We have all bought product on-line, but you will have noticed, just as I have, that the experience is very diverse from one site to another. There’s the website that understanding everything you need to be updated with and just how to communicate this with you. Then there are sites where you are left not being sure if your order went through, and doubting if it will arrive at all. So how can some get it so right, whilst others seem to have made an art of leaving you bewildered and in the dark!
In this Blog we’ll look at a number of keys to achieving a successful e-commerce website.
Customer Journey – For many e-commerce developments it is vital to keep the customer at the centre of the experience. So each step you create should consider what they want to know, how they may react and if you have offered re-assurance (the key to a good experience) that the customer requirements are central, and you are doing everything you can to make sure they get what they want. If you can achieve this, your e-commerce will be much more of a success.
Cost of Entry – Getting the customer experience right, gaining sales and adapting your business to sell on-line. For manufacturing businesses in particular, this can seem a daunting challenge. But does it need to be such a hard a mountain to climb? We’ll come to that now, but first let’s look at some examples from the marketplace.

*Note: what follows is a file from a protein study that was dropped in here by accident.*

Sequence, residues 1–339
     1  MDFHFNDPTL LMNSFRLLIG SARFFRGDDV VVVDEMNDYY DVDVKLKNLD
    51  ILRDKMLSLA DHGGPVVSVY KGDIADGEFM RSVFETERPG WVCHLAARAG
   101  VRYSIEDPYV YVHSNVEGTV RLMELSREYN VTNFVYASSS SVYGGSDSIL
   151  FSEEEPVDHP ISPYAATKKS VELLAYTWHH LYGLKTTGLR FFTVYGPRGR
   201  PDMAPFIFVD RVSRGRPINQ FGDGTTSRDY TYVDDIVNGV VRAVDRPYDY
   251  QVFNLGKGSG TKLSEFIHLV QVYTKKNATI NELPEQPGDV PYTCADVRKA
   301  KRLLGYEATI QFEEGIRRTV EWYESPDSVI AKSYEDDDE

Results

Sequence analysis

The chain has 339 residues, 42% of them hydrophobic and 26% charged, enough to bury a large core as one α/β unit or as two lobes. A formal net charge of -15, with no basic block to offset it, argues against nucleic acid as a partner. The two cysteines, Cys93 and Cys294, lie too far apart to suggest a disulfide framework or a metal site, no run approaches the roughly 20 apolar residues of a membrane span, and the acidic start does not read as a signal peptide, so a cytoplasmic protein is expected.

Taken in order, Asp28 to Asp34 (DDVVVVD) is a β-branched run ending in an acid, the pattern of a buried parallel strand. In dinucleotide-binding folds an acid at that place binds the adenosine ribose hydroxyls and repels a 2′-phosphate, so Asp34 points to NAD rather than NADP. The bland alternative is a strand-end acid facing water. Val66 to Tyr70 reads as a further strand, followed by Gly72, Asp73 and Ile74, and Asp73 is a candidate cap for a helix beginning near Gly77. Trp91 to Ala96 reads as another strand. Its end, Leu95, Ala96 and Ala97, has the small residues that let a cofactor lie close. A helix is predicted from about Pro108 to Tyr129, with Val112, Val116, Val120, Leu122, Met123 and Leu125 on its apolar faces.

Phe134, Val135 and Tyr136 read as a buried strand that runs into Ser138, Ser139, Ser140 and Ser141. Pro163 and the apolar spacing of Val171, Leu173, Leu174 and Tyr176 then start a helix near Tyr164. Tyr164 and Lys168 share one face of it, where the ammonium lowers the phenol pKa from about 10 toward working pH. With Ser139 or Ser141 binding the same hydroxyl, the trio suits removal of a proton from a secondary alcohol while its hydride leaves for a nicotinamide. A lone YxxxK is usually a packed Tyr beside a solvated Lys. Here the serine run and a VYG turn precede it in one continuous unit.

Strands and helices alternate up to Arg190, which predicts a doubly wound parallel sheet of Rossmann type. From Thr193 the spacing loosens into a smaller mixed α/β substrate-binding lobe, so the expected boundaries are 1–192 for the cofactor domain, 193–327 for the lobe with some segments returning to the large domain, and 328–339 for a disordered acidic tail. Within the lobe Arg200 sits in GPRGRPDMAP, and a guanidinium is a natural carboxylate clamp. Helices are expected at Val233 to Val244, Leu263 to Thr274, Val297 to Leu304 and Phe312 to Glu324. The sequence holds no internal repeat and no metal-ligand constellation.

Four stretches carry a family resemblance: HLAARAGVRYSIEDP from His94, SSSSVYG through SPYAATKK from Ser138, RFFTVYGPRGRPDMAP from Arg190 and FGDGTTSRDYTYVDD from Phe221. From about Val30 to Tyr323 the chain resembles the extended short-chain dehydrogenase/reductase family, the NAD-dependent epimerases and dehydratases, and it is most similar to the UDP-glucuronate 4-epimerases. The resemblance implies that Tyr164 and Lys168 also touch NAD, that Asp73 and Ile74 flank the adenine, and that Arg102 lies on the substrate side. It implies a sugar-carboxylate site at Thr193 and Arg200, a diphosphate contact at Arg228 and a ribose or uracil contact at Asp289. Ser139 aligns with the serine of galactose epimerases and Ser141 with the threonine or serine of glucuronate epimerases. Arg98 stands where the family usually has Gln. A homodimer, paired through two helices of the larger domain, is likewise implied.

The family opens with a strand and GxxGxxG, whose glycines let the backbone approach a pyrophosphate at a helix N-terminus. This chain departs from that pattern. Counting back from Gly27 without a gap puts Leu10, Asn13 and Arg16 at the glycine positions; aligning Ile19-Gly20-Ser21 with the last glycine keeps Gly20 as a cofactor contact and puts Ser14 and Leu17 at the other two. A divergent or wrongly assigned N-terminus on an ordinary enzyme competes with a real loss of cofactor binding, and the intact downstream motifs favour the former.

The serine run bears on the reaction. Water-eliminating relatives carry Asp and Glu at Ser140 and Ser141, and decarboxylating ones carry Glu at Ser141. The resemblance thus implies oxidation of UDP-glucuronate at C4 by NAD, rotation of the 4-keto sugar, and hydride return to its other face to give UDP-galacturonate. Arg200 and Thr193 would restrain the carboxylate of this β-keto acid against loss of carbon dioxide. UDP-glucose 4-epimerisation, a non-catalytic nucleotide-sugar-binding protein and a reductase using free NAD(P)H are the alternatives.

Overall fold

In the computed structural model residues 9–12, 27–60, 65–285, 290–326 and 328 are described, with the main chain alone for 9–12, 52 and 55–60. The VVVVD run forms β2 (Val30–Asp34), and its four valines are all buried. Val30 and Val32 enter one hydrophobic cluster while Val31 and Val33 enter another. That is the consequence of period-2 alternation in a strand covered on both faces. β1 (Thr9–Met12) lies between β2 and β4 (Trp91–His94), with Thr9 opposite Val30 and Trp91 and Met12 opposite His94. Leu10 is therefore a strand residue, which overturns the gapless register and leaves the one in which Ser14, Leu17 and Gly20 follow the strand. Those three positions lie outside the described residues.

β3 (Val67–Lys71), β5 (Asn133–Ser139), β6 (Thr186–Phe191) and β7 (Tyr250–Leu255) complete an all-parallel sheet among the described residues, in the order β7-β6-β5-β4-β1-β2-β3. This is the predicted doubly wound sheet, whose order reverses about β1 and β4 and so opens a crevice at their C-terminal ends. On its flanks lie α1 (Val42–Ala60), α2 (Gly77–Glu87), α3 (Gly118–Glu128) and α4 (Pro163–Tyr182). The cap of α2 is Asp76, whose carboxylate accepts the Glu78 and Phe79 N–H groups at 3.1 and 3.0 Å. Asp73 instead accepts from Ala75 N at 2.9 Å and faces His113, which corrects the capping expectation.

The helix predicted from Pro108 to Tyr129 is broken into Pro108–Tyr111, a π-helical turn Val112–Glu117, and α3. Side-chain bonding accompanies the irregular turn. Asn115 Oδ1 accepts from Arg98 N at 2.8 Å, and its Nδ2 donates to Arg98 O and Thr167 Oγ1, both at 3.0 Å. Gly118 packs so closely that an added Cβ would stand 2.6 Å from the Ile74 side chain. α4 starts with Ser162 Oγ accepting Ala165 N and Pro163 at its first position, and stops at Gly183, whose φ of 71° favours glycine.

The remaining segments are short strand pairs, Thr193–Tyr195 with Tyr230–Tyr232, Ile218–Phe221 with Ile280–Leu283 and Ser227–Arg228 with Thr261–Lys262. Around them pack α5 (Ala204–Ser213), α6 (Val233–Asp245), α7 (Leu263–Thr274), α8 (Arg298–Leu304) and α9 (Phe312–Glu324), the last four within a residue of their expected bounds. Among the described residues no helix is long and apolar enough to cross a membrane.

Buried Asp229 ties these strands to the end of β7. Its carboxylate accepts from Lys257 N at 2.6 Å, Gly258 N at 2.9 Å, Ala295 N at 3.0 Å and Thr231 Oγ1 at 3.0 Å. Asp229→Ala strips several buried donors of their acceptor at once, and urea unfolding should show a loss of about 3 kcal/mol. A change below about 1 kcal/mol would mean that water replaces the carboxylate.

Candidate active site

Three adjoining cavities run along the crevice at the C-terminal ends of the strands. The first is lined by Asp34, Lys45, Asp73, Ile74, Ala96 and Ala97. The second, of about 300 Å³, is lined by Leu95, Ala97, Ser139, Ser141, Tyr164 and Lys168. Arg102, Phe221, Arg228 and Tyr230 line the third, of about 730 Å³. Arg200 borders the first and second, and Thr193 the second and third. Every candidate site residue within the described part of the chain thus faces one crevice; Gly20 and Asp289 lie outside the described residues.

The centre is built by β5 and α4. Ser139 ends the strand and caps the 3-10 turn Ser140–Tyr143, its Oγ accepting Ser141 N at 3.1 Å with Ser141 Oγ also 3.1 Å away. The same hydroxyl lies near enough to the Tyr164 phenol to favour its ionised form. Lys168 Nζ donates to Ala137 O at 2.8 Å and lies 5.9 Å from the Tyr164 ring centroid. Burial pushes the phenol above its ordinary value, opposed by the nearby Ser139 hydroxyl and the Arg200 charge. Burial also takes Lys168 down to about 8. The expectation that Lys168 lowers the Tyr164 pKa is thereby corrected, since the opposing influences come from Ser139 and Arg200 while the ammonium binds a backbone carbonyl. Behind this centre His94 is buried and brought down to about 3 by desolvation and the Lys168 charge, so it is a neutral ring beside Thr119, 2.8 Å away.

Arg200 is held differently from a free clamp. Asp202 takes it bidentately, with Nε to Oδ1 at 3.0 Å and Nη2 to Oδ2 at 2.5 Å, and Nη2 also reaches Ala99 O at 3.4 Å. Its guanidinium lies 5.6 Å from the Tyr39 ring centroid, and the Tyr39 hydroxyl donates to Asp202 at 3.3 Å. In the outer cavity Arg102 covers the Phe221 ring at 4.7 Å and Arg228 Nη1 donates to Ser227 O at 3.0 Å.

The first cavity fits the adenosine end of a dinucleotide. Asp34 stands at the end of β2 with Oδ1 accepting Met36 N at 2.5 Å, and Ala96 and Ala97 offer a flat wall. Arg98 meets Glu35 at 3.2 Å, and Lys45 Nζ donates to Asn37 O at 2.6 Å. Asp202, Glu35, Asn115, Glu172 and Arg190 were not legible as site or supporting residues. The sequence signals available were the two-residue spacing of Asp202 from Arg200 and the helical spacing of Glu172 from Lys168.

Amazon – Of course the service here is very streamlined and because they are ‘Amazon’ and not a product specific brand you forgive the lack of personality. You know what you will get, and they keep you informed consistently.
Brands on-line – For brands the bar is set high as customers are buying into the whole ‘brand experience’ based on an existing preconception which many brands have developed, curated and nurtured over years. So it is vital they maintain these brand values on-line if they are to continue and maintain this brand perception – with the High Street marginalised by the pandemic this presents for many commercial opportunities to seize a % of market share from consumers driven to shopping on line, rather than this simply being a convenient option.
From Adidas to Lulu lemon, Miele and Sonos to smaller brands like Rituals, consumers have chosen to go to these because of what the brands represent from style, to reputation, quality and innovation, so the bar is very high if they are to ensure the ‘brand experience’ is maintained through their on-line offering. Afterall to maintain this brand image and reputation based on your previous experience in a shop where all your senses can be attuned by visual display, touch, atmosphere, smell and personal service, all choreographed for the perfect buying experience. Now, it is down to how you create all the steps designed to lead your prospective customer as they click their mouse and navigate their journey through your site.
Is selling on-line for manufacturers easier than a retailer offering e-commerce?